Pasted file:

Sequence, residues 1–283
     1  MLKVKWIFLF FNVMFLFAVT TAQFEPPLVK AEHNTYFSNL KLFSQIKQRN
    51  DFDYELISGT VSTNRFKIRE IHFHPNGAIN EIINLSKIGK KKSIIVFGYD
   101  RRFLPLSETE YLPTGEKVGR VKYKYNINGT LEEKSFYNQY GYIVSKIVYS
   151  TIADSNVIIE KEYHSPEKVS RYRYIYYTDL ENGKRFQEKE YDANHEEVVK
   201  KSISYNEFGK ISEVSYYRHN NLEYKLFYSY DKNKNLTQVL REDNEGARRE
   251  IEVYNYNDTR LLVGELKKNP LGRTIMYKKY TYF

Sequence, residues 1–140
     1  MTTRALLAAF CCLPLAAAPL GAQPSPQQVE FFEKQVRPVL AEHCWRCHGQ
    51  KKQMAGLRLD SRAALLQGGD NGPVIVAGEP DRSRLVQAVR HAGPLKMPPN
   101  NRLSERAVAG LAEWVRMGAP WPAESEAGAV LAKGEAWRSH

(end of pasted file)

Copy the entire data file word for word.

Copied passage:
Sequence, residues 1–283
     1  MLKVKWIFLF FNVMFLFAVT TAQFEPPLVK AEHNTYFSNL KLFSQIKQRN
    51  DFDYELISGT VSTNRFKIRE IHFHPNGAIN EIINLSKIGK KKSIIVFGYD
   101  RRFLPLSETE YLPTGEKVGR VKYKYNINGT LEEKSFYNQY GYIVSKIVYS
   151  TIADSNVIIE KEYHSPEKVS RYRYIYYTDL ENGKRFQEKE YDANHEEVVK
   201  KSISYNEFGK ISEVSYYRHN NLEYKLFYSY DKNKNLTQVL REDNEGARRE
   251  IEVYNYNDTR LLVGELKKNP LGRTIMYKKY TYF

Sequence, residues 1–140
     1  MTTRALLAAF CCLPLAAAPL GAQPSPQQVE FFEKQVRPVL AEHCWRCHGQ
    51  KKQMAGLRLD SRAALLQGGD NGPVIVAGEP DRSRLVQAVR HAGPLKMPPN
   101  NRLSERAVAG LAEWVRMGAP WPAESEAGAV LAKGEAWRSH